This is part four of the tutorial on making your own lotion. Please go back and read the introduction, preparation, and lotion making equipment posts before proceeding with today’s lesson, which is acquiring the ingredients you will need.
There are four basic parts to a lotion recipe: liquid phase, oil phase, emulsifier (which is added to the oil phase), and heat-sensitive additives such as the preservative.
Liquids – The obvious choice would be distilled water. However, you could also use aloe vera juice (not gel), and/or hydrosols. This will be about 70-80% of your total recipe. Distilled water is the easiest to acquire and works wonderfully for a starter recipe – or even an advanced recipe. I discovered after making several test batches of facial moisturizer that sometimes a simple recipe is better than a complex one. Fewer ingredients means fewer possibilities for negative skin reactions.
Emulsifier – Again, I recommend polawax (emulsifying wax), or possibly BTMS (behentrimonium methosulfate) which was the favored emulsifier in Anne-Marie’s lotion making class at the Handcrafted Soapmaker’s Guild this year. Recommended usage: 4-5%
Oils & butters – Soapmakers can use their imaginations on this one, unless you are a three-oil (coconut, palm and olive) only soaper. Then you might have to branch out. Shea and cocoa butters make nice lotions, as well as avocado oil, apricot kernel oil, jojoba oil, etc.
A few things to keep in mind when choosing your oils and butters:
1. Color – For example, if you want a nice, white lotion, you should choose clear jojoba over golden.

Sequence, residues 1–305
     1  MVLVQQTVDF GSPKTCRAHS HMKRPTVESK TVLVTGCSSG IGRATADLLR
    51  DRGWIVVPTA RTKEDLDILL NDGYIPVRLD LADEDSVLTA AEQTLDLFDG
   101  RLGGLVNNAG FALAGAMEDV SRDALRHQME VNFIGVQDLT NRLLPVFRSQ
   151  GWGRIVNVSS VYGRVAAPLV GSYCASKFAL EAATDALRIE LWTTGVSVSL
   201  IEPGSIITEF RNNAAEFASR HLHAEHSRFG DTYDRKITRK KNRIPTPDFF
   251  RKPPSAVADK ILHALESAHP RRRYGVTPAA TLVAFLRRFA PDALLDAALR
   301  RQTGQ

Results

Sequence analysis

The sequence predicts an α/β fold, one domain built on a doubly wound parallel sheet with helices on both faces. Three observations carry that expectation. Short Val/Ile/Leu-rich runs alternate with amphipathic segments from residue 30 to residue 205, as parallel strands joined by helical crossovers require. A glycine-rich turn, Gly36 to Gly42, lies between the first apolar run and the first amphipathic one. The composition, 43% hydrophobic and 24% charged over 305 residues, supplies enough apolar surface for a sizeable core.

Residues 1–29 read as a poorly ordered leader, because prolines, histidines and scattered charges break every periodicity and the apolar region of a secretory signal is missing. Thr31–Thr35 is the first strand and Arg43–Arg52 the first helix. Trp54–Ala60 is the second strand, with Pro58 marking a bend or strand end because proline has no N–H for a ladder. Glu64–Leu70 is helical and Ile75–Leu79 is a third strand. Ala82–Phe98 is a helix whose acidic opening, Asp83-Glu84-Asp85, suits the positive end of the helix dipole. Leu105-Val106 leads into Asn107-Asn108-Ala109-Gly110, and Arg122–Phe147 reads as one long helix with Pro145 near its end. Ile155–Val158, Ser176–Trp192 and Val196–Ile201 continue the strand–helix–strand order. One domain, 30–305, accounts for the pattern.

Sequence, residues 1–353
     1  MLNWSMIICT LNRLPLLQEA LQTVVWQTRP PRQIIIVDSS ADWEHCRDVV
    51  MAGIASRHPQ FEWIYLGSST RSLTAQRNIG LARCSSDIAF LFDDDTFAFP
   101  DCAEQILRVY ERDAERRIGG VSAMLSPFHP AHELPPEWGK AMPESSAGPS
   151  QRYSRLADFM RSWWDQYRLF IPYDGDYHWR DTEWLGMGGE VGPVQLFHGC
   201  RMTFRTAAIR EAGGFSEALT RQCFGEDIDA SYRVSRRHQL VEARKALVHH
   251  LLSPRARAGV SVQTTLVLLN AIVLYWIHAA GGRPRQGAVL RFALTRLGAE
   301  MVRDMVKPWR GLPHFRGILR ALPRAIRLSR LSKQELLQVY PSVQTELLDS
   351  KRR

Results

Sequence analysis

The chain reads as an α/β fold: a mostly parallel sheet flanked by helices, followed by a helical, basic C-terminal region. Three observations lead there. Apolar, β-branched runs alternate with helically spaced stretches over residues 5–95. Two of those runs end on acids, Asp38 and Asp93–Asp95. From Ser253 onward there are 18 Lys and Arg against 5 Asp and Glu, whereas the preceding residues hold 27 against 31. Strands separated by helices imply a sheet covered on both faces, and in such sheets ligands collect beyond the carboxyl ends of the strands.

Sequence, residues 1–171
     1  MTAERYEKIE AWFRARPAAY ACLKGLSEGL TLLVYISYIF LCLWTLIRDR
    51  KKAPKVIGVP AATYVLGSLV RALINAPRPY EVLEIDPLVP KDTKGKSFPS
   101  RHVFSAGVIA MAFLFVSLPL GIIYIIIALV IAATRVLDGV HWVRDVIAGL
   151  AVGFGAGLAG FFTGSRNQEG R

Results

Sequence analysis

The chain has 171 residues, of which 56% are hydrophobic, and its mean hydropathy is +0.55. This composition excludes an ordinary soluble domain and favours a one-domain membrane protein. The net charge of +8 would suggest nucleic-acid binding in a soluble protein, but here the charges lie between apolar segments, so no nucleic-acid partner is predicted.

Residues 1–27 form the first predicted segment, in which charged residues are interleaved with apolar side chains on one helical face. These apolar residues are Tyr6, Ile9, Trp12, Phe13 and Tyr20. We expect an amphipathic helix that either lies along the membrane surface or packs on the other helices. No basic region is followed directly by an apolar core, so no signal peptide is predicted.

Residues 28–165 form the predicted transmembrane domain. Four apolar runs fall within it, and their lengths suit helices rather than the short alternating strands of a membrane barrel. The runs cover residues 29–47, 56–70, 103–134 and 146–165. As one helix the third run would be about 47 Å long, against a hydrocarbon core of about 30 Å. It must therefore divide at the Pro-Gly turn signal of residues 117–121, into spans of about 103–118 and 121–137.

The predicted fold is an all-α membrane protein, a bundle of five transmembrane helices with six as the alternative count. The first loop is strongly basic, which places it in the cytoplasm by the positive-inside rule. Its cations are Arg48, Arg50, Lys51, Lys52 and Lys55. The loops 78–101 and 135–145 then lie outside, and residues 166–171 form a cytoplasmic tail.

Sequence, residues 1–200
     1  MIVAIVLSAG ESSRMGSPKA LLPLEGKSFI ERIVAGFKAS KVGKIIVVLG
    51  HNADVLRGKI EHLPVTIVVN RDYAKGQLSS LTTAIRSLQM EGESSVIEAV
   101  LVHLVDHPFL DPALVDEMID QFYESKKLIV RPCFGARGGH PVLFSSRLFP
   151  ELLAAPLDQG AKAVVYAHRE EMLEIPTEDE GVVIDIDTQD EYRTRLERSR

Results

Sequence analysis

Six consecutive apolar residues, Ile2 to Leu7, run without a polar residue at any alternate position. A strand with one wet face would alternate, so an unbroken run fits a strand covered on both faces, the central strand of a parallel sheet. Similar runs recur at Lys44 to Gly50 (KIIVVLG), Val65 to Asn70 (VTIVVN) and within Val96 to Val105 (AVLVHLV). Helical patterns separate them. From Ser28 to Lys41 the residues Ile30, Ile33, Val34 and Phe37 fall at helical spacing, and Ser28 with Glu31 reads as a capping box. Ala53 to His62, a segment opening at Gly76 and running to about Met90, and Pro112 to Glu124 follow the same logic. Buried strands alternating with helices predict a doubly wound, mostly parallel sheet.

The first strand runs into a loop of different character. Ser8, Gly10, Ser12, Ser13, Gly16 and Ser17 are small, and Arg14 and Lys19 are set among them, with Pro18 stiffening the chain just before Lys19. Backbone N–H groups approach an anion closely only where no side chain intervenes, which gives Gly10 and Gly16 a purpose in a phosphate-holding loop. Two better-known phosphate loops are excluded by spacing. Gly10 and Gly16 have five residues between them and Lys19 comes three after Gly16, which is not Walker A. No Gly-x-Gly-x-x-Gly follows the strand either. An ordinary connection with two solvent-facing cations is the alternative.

2. Texture/Solidity – Refined shea butter may cause graininess in your lotion; unrefined is a better choice. Also, the thicker the butter, the thicker the lotion. If you use a brittle butter such as cocoa, it will make your lotion thicker than using shea butter.
3. Vegetable sources are best – This is purely my own opinion. I have actually heard that lard lotions can be quite nice, but I just can’t imagine what it must smell like!
4. Research the oils that will provide the nutrients and skin benefits you are wanting.
Recommended usage: varies depending on the amount of solid ingredients, but somewhere in the 10-15% range.
Additives – This includes all your heat-sensitive ingredients such as preservative, fragrance, vitamin E, extracts, etc. Always use the manufacturer’s recommended usage rate for preservative; fragrance could be synthetic or natural essential oils, but should always be skin-safe, usage rate 0.5-1%; vitamin E and extracts are minimal amounts, usually 0.5-3%.
Resources for Ingredients:
If you didn’t find everything you need from Lotioncrafter in WA or The Herbarie in SC, here are some other places that offer quality ingredients: Formulator Sample Shop in NC, Majestic Mountain Sage in UT, From Nature With Love in CT, Brambleberry in WA, Wholesale Supplies Plus in OH, or Texas Natural Supplies, located in – you guessed it – Texas. I’ve probably left out several other quality suppliers, but these are the ones I’ve either used myself or have heard good things about. It helps to order from a company that is closer to where you live so that you can save money on shipping.
I might add, if you are looking for a total DIY kit option, be sure to check out the one at Moose Creek Bath & Body.
Next lesson: Formulating a Recipe